Felix likes snails. A lot.

Felix is my eight-year-old nephew, who lives in San Francisco. Two summers ago, Felix spent three weeks in Albuquerque, and we went swimming every day. As it happens, thirty-some years ago, I taught his mother—my sister, Sarah—to swim, our ten-year age difference making such arrangements not only possible, but rather ideal in lots of ways. The summer Felix was visiting, I didn’t so much teach Felix to swim as I allowed him to cannonball from the side of the pool for hours at a time. I might be a more experienced teacher today, but Sarah was also a more cooperative student. Felix wasn’t so interested in the fine art of form. Mostly he was interested in jumping in deep water and making the biggest splash he could. Over and over and over again.

One afternoon Felix decided we—he and I, team of two—were a swim team called “The Snails.” I suggested that this implied we were slow. “Are we losers?” I asked Felix. He didn’t care about losing. Felix loves snails. We were The Snails.

Last week The Snails were reunited in Colorado. This month marks my parents’ 50th wedding anniversary and the entire family gathered in Winter Park to celebrate. Felix graciously invited his many aunts and uncles to join The Snails. Nobody bit except his eight-year-old cousin Asher. And so now The Snails are a happy team of three.

This week back home in New Mexico, I try to get my game face on. Trips/vacations/holidays have a half-life, I am convinced. When you return, it takes approximately half the time you were away to resettle into your routines and practices. I water the garden and fill the hummingbird feeder. I put in a few hours at the piano, returning to music I began working on this summer in anticipation of this season’s recitals and concerts. I wade through a week’s worth of email. I pick up books waiting for me at the library and make grocery lists.

There has been no margin between time away and time back. School began this week here in Albuquerque. No matter what the calendar might say, summer is over. Fall is here. Last Sunday afternoon I started my school-year schedule of lessons, and, I must confess rather reluctantly. It is not the twenty-six lessons a week that give me pause, it is the revolving door of performance classes, recitals and festivals constantly screaming for our attention and time.

Among those twenty-six piano lessons are three new Little Ones. “How are those new kids doing?” Max asked me yesterday, interrupting his chord progressions. He is nine and knows everything.

“Just fine,” I said.

“That’s good,” he said. “It’s hard to learn to play the piano. I remember.”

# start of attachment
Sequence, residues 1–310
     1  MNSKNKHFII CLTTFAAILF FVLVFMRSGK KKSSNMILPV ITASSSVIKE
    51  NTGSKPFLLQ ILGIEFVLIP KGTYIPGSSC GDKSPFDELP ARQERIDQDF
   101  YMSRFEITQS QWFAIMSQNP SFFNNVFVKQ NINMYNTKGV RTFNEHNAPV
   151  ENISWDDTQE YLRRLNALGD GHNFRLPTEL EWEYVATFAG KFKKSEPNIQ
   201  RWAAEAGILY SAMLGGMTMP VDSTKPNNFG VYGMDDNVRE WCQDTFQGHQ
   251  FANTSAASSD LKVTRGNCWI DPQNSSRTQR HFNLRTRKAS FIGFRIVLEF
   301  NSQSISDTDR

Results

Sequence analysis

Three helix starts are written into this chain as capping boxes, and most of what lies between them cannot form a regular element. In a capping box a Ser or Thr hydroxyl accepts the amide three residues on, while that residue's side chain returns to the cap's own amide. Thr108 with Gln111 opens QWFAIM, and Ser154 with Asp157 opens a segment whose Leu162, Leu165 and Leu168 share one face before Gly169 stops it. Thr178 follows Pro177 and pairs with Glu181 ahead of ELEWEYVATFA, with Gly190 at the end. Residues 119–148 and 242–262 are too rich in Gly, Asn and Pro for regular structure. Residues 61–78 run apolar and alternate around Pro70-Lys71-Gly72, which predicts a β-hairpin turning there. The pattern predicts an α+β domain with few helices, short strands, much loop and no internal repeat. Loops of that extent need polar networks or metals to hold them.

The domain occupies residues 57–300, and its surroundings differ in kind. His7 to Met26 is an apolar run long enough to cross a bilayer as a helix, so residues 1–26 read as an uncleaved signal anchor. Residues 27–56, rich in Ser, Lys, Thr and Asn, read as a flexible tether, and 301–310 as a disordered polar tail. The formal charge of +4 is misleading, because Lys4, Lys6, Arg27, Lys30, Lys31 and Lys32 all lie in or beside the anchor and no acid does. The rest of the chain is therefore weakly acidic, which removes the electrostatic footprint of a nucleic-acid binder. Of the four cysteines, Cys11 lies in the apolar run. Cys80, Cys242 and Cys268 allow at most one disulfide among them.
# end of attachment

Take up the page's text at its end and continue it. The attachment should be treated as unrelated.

I’m remembering too. I coach finger numbers and help Little Ones locate all the “Dogs” and “Front Doors” on the piano. I pile an ever-higher stack of books under their small feet. We draw treble and bass clefs in their practice notebooks. I teach simple rote pieces and we practice performing them and bowing afterwards.

It’s hard to learn the piano, although the Little Ones have yet to figure that out. They are enthusiastic and eager, and already wise to the ridiculous nature of my ways. “Are you trying to put me on a daily schedule?” one accuses me when I explain the rules of his practice chart. And with that, another generation of pianists folds into the studio.

As I sharpen pencils and file music, I find myself thinking about The Snails. As always Felix may be onto something. It is not a bad way to live one’s life to simply do what you love, and not care about losing. Major in art history. Or piano performance. Or philosophy and damn the consequences. Love snails.


The First Day

Saturday morning the pool fills
with children. Their parents
want them to learn something
preposterous: not just to tread water,
but to move through it as easily as they run
at home from one room to another. Naturally
the miracle of flotation escapes some of them;
however, the believers, buoyant in their faith,
hold their breath and push away from the side.
Face down, arms outstretched, these blessed ones
glide like angels in a fleeting state of grace,
then pop up grinning when they run out of air.
Splashed with success, they hug themselves
happily in the blue-lipped chill.
Meanwhile, the few still clinging to the wall
watch their own number shrink. Small, miserable,
suspicious of their parents for making them
suffer here, they begin to see the arrangement
of things: how easily everyone can turn
away from them when they don’t give in,
how lonely a personal conviction is.

-Joseph Green